Consistent investments over a number of years can be an effective strategy to accumulate wealth. Even small additions to your savings add up over time. This calculator demonstrates how to put this savings strategy to work for you and the power of compounding.
Note that your investments may be subject to tax if held outside of a registered account such as an RRSP. The cost of tax can reduce your compounded returns. The impact of tax is not considered in this calculation.
Starting amount: The starting balance or current amount you have invested or saved.
Years to save: The total number years you are planning to save or invest.
Rate of return: The annual rate of return for this investment or savings account. The actual rate of return is largely dependent on the type of investments you select. The actual rate of return is largely dependent on the type of investments you select. For example, the total return including dividends of the S&P/TSX Composite Index for the 10 year period from December 31, 2010 through December 31, 2020 was 5.9% (source spindices.com). Savings accounts at a bank or credit union may pay as little as 2% or less. It is important to remember that future rates of return can't be predicted with certainty and that investments that pay higher rates of return are subject to higher risk and volatility. The actual rate of return on investments can vary widely over time, especially for long-term investments. This includes the potential loss of principal on your investment.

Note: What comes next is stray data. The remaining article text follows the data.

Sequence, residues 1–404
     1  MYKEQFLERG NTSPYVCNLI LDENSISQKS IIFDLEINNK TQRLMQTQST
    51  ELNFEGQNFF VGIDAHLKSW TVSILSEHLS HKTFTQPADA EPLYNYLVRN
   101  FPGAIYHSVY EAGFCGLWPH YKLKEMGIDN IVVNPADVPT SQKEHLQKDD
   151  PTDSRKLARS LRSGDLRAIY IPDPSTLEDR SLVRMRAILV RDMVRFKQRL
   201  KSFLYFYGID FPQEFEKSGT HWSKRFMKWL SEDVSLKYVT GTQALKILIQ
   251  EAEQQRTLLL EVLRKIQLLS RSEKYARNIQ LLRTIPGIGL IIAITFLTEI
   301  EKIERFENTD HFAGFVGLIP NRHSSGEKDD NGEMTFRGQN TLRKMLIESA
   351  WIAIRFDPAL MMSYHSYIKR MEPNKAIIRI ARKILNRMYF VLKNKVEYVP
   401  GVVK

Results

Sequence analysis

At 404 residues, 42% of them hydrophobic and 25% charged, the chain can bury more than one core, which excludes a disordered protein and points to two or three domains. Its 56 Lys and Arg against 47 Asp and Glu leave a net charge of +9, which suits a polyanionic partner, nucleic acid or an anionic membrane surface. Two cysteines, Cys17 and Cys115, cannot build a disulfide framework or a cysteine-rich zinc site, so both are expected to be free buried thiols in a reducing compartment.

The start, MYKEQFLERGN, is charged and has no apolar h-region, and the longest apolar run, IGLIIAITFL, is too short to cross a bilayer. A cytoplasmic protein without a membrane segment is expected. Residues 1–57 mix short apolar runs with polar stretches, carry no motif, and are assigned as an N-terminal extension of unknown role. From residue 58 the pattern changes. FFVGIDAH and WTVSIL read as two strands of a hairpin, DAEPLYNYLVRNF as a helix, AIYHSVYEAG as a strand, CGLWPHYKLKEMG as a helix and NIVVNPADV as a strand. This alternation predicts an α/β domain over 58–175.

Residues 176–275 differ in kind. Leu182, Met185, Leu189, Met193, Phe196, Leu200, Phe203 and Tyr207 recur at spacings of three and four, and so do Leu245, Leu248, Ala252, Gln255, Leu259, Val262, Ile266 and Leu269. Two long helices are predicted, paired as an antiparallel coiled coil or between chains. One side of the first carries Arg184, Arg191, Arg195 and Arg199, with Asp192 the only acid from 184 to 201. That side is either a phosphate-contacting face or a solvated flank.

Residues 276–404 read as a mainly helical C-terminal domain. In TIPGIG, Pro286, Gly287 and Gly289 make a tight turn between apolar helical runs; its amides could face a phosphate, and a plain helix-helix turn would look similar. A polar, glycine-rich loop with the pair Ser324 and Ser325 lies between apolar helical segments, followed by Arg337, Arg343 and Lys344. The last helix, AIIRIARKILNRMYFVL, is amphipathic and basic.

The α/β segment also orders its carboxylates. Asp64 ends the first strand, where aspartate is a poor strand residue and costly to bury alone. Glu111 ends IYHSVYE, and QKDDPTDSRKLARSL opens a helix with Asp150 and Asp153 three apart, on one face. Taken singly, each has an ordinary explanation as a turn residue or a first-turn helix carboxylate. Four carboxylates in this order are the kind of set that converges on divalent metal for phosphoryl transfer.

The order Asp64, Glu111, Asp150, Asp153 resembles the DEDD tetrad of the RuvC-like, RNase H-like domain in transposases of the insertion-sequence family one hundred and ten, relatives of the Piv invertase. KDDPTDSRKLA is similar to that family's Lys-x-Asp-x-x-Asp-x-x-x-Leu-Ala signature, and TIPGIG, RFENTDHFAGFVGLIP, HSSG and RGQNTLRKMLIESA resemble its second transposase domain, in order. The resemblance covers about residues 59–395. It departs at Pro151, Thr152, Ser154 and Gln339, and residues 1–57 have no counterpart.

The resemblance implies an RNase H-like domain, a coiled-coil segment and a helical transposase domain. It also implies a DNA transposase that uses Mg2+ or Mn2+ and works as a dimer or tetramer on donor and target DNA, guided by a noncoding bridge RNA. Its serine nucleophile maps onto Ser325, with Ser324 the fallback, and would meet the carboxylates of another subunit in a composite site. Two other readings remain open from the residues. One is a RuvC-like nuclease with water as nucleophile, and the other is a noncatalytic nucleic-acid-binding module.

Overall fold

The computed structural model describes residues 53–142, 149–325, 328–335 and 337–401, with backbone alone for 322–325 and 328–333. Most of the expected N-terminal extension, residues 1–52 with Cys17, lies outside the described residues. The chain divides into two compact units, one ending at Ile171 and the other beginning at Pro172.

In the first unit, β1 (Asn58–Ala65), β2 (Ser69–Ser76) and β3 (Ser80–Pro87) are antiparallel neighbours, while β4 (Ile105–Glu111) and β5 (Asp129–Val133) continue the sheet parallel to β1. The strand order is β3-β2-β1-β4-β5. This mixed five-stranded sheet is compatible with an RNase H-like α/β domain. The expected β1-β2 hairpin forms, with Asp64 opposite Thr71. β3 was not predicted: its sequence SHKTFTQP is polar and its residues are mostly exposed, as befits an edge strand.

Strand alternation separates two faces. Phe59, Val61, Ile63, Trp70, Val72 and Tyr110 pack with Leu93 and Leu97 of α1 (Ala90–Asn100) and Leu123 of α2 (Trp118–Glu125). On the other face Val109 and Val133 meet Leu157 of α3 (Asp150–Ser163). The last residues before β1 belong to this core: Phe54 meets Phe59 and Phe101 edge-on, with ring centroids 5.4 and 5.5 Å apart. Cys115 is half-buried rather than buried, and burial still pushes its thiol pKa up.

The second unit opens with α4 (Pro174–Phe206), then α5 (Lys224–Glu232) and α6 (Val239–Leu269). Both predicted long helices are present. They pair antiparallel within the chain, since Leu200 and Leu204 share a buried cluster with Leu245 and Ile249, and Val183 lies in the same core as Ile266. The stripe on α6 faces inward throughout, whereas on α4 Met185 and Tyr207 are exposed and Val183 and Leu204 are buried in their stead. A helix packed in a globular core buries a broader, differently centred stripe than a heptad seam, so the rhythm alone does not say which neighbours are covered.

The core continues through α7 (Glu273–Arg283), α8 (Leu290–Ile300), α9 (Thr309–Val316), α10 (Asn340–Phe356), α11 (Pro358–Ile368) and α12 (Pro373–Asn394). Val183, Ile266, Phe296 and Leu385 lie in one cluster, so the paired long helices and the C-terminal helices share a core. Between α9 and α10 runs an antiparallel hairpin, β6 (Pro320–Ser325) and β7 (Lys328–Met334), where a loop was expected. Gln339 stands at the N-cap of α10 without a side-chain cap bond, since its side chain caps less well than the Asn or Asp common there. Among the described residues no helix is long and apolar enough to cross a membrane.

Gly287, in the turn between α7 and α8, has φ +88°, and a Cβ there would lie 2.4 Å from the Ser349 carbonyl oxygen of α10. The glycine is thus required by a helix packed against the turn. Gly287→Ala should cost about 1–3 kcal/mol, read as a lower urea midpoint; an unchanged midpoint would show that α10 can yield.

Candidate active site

Interest compounding: Earnings on an investment's earnings, plus previous interest. This calculator allows you to choose the frequency that your investment's interest or income is added to your account. The more frequently this occurs, the sooner your accumulated earnings will generate additional earnings. For stock and mutual fund investments, you should usually choose 'Annual'. For savings accounts and CDs, all of the options are valid, although you will need to check with your financial institution to find out how often interest is being compounded on your particular investment.
Additional contributions: The amount that you plan on adding to your savings or investment each period. This calculator assumes that you make your contributions at the beginning of each period.
Frequency of contributions: How often you make contributions to your account. The options include weekly, bi-weekly, monthly, quarterly and annually. This calculator assumes that you make your contributions at the beginning of each period.